Here are some general principles that work well in AB. The fact that they are also sound real-life principles for maneuver warfare speaks highly of the game, IMO.
- "Prepare" the battlefield by looking very carefully at all lines of sight (LOS) and elevated terrain for tactical purposes. Plan to move your units using cover where possible and avoid crossing open terrain except under well-placed overwatch with effective LOS. Look at chokepoints, kill-sacks and avenues of likely enemy approach to the objectives, placing TRPs accordingly.
- Recon can be very effective in this game and it doesn't always have to be "by death". Move scouts using cover movement orders, always place them in cover and check LOS in advance; no point putting them in good cover if they won't be able to see a thing. Don't forget to set SOP for scouts that prevents engagement with spotted units.
- Leverage your tanks' range by placing them at the limits of their effective range and in cover, defiladed with any luck and with good (pre-prepared) LOS. Ditto any ATGMs, which are real force-multipliers but are thin-skinned. Plan for good coverage via widely-dispersed overwatch.
- Always try and "fix" spotted enemies by anticipating and then maneuvering your forces for intersecting lines of fire. Frontal, attritional combat is a World War I meat-grinder and should be avoided with flanking actions wherever possible.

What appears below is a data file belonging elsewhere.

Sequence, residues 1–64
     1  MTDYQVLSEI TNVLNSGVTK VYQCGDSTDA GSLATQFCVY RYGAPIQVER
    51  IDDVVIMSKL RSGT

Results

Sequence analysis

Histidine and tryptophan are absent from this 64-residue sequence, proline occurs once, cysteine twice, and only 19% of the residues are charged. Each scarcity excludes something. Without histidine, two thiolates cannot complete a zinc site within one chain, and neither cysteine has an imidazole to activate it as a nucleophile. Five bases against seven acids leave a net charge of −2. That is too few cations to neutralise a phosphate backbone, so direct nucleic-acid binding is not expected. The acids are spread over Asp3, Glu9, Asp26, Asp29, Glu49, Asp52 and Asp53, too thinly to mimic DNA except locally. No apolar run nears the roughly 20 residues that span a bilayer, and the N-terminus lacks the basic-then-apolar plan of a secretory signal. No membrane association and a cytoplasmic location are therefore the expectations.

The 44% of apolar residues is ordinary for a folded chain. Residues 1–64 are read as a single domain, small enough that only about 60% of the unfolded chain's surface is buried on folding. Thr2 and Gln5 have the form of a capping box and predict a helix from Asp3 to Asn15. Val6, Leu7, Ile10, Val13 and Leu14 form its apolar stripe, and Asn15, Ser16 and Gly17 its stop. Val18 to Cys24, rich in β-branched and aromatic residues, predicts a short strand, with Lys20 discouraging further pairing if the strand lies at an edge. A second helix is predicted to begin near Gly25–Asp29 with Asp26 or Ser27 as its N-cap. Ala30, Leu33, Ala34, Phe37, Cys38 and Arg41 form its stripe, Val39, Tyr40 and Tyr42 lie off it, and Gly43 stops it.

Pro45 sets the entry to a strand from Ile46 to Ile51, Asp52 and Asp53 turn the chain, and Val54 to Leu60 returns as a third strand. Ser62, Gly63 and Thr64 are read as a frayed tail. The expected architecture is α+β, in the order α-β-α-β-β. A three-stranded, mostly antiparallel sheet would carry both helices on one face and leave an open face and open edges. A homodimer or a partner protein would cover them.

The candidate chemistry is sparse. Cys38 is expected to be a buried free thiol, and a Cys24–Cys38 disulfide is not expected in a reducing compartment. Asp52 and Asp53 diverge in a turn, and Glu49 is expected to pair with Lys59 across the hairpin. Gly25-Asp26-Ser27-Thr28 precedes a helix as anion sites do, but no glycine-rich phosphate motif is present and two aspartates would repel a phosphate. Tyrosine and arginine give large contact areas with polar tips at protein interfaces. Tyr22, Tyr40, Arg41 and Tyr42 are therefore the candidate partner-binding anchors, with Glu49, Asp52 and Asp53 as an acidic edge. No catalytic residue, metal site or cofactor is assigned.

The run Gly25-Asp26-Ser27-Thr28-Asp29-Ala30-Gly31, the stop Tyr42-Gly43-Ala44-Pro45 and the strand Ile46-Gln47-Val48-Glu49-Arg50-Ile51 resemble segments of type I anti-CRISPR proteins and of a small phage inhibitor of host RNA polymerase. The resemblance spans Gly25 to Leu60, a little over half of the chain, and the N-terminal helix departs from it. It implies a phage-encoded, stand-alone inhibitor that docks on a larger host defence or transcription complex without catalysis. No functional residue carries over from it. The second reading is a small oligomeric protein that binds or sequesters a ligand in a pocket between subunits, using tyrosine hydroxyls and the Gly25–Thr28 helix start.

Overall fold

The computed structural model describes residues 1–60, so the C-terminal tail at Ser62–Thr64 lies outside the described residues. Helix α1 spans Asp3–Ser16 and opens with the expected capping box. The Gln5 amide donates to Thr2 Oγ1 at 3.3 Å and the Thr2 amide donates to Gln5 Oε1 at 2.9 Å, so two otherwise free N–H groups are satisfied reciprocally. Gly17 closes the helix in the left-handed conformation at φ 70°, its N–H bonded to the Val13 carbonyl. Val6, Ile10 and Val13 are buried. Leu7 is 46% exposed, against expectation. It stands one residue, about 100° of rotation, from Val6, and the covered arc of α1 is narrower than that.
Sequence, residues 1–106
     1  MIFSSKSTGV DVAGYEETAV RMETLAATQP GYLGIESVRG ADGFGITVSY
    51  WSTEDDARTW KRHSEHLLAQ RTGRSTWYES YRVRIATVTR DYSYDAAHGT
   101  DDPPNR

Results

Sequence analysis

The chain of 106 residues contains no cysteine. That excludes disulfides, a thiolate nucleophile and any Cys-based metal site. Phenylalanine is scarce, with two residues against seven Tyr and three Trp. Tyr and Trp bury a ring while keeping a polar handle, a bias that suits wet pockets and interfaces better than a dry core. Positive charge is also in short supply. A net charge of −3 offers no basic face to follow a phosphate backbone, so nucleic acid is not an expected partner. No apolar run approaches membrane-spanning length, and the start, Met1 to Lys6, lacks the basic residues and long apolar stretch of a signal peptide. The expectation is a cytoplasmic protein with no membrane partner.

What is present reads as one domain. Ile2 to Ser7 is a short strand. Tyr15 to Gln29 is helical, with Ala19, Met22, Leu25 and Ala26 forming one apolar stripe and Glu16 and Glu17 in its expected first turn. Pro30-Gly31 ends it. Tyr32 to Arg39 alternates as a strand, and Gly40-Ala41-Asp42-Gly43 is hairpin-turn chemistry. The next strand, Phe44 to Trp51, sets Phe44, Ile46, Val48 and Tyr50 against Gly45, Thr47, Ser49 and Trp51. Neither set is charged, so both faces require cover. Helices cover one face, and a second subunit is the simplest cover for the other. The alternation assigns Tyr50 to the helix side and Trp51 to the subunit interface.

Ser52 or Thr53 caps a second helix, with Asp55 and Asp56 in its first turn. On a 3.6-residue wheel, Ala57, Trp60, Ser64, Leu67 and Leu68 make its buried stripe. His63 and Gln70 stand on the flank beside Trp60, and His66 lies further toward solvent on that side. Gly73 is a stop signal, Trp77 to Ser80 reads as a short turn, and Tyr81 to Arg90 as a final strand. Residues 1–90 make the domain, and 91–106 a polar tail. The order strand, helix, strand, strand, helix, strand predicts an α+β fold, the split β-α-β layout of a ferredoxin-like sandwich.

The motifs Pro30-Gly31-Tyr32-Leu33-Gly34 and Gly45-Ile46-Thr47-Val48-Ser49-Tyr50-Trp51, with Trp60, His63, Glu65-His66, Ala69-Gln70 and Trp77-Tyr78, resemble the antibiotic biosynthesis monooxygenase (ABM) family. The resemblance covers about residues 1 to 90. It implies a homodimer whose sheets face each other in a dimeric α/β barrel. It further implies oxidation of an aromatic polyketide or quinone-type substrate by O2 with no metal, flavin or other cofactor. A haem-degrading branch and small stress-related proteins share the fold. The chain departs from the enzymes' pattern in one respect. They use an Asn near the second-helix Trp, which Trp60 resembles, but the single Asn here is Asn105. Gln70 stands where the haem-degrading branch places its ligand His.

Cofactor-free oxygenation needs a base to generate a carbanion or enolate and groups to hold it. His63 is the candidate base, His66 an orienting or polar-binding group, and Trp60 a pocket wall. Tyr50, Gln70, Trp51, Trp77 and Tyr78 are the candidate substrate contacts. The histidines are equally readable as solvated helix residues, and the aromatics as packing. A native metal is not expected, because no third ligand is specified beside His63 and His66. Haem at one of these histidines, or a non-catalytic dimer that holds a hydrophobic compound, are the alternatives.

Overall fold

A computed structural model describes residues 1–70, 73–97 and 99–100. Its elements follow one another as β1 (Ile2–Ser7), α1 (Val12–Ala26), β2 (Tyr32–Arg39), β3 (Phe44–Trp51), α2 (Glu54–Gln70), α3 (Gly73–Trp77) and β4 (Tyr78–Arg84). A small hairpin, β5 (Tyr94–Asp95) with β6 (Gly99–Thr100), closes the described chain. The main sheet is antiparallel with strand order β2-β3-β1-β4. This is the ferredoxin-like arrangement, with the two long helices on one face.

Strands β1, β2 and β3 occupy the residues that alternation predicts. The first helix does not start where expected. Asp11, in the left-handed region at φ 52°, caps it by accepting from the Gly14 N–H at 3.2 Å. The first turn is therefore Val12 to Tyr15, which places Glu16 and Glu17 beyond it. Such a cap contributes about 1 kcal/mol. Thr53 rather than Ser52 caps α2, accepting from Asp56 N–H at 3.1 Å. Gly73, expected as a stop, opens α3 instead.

- Artillery and air are much more effective when they can be timed to coincide with direct fires. Calling air or indirect fire on a moving target and/or one that is not being engaged by direct fires is a waste of valuable resources.
- Always set vehicles to dismount their infantry when under fire.
- Move infantry in cover whenever possible, even if this is a longer route.
- Always keep a reserve; never commit your entire force from the outset.
- As hard as it is to write those letters to grieving families, do not reinforce failure, that's another meat-grinder.
- Once in contact with enemy units, maintain contact and maneuver on them rather than let them go to ground. Even in a lull when you have the upper hand, keep the pressure up.
Hope this helps.
< Message edited by $trummer -- 6/17/2020 9:08:31 PM >